Did you enter graduate school or the workforce after graduation?
I was hired by Blackstone as their first undergraduate hire in 1989 when there were fewer than 15 investment professionals. I was a financial analyst being the most junior person responsible initially for the numbers on both advisory and private equity related transactions. It was a wild experience as associates had analysts available to them for the first time at Blackstone so I was buried from the time I arrived with requests for staffing. I guess it was viewed as a successful program as we hired a few more analysts reasonably quickly.
What is a day in the life like post-graduation?
As an analyst at Blackstone, for three years I was either at work or sleeping. It was very unusual that I would get home prior to 1:00 or 2:00 AM and was back at the office by 9:00 AM. Weekends were a bit better — people didn’t arrive until later in the morning. I still wouldn’t trade the experience for any post-grad experience in the world.
What do you love most about what you’re currently doing?
30 years later I’m still in the private equity field. It is rare that a day goes by that I do not learn something. Sometimes very significant, other times less important. It very much keeps me feeling that work is just a daily grind with endless repetition. Every company that I evaluate for an investment is different.
How did M&T prepare you for what you’re doing now? Alternatively, how do you see the duality of M&T coming through in what you do now?
Initially the finance background and my computer science degree made me extremely efficient (I was often told twice as fast as other analysts) creating financial models which led to my internal recognition as the junior person most desirous to have staffed on transactions which led to rapid promotions. 15 years later, it provided the necessary background to co-found a Silicon Valley based private equity firm named Elevation Partners. I continue to approach every problem wearing a business hat and an engineering hat. The two backgrounds enable me to analyze investments in a breadth of industries. In the past few years, I’ve made investments as diverse as digital media and ultra low cost airlines.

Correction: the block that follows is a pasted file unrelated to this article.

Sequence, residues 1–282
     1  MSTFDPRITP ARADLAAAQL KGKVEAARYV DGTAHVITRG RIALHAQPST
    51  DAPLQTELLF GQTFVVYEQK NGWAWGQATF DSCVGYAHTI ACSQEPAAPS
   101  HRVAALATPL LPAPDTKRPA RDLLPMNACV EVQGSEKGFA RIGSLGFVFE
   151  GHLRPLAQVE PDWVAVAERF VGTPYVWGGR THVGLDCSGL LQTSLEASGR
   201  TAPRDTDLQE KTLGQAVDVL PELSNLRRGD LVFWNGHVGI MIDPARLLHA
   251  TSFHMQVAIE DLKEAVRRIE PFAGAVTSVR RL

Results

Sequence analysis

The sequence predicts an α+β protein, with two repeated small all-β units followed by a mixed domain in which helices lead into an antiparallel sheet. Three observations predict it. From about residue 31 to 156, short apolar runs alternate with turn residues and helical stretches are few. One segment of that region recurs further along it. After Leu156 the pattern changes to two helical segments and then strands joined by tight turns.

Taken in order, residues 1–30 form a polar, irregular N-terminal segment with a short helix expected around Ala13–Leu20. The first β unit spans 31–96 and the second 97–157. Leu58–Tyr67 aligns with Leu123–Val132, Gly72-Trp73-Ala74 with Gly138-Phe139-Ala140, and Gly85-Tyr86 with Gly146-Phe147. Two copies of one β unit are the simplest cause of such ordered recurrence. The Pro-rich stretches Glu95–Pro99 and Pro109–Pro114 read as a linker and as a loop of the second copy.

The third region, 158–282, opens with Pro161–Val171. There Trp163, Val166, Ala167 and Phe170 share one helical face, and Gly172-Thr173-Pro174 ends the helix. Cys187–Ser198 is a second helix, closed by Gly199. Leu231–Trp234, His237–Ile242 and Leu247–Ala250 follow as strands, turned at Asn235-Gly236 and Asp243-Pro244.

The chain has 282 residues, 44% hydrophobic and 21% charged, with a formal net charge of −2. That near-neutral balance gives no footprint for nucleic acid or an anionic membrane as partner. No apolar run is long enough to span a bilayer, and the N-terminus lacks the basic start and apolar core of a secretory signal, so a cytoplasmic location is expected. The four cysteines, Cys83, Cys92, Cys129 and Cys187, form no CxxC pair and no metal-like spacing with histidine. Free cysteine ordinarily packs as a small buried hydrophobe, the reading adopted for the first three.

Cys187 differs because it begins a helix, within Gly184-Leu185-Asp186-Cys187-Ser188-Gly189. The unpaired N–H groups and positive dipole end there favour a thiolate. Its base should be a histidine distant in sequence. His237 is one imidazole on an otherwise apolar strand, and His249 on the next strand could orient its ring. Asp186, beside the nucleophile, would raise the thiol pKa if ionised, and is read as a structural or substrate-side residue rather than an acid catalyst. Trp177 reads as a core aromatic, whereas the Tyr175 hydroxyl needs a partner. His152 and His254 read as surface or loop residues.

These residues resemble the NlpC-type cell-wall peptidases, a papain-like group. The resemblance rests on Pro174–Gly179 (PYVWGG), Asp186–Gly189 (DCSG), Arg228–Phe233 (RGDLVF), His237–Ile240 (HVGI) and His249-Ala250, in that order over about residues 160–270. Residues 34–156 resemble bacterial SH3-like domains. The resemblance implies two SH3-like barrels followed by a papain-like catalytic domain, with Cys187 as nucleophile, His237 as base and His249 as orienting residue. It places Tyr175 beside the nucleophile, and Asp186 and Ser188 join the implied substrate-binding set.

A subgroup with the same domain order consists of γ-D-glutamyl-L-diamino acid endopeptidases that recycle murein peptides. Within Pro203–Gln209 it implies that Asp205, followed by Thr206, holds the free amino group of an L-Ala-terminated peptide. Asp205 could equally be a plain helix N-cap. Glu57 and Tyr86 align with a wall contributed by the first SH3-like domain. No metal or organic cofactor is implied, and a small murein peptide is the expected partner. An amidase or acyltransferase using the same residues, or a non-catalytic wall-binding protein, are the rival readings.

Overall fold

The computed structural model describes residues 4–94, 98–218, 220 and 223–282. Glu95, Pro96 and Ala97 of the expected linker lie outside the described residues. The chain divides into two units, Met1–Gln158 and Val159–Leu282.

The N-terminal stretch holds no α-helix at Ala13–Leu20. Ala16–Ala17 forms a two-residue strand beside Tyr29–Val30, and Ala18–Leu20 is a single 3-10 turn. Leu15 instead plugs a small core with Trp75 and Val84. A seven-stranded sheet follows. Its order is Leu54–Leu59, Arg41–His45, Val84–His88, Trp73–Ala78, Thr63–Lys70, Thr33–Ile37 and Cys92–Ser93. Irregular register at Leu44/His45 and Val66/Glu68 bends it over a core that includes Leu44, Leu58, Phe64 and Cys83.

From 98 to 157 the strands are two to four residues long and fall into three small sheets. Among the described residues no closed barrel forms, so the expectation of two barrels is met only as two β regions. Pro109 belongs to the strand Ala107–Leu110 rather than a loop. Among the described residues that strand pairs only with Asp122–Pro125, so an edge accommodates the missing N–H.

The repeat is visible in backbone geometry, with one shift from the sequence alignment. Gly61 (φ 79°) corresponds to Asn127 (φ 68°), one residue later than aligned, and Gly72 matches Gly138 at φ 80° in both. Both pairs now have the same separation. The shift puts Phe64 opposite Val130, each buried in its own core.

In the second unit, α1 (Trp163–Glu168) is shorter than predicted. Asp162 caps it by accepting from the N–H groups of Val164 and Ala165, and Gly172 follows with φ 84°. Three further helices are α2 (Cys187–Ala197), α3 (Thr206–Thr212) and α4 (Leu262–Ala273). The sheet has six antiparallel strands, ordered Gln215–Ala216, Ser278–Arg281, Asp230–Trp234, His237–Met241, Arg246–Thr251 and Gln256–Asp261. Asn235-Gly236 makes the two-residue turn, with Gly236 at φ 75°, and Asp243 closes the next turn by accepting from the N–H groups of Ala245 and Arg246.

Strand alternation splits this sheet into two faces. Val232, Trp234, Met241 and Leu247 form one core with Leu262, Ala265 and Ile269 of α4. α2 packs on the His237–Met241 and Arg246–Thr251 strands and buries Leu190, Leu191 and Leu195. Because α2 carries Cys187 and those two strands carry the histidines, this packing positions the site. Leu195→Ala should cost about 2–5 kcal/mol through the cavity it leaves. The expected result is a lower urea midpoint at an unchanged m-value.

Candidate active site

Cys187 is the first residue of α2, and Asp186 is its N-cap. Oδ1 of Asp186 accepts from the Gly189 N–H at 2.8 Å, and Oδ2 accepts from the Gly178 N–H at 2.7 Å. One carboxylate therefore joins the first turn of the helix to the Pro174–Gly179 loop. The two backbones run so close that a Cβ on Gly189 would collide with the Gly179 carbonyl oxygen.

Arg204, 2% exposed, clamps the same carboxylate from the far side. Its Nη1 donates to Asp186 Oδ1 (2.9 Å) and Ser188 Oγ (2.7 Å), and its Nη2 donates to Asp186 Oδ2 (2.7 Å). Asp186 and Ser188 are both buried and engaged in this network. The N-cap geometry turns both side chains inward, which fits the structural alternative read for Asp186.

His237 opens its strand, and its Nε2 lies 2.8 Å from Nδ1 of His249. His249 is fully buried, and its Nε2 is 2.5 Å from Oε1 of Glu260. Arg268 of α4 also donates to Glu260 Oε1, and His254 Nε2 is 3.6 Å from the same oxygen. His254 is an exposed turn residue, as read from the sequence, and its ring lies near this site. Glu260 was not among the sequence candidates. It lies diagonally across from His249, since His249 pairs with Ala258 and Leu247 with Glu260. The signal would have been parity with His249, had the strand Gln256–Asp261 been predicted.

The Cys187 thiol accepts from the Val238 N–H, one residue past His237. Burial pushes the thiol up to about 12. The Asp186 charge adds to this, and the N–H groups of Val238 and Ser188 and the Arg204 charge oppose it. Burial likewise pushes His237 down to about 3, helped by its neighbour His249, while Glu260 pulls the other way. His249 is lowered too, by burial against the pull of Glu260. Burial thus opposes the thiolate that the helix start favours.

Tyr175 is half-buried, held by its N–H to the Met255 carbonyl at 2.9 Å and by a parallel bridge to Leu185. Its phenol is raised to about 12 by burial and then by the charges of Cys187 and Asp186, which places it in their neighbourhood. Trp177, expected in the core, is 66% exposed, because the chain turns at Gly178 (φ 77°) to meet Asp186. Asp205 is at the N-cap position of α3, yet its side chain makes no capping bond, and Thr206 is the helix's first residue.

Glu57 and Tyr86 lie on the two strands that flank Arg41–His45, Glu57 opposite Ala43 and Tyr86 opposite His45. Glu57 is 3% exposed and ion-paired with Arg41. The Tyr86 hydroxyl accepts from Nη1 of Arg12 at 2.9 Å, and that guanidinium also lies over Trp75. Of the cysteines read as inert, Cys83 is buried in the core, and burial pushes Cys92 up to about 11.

Where do you see yourself going in the future?
I’m extremely happy with my position as a senior private equity investor. At 53, it’s getting hard to change careers 🙂 . Not impossible, but very unlikely as I’m not sure if I’m qualified to do anything else!
What advice do you have for someone who wants to follow a similar path?
Try to start a business in high school or college. That is the best way to think about how to analyze a business. Is there a market? Who are the competitors? What do I need to do to succeed? What would a cash flow statement look like? What are the risks? If I’m successful, how do I exit? These are the same core questions that go into analyzing any private equity investment.
Bret Pearlman (M&T ’89) is the Co-Founder and Managing Director of Elevation Partners. He graduated from the M&T program with a BSE in Finance and a BSE in Computer Science from the University of Pennsylvania. This post was contributed by William Wang (M&T ’22).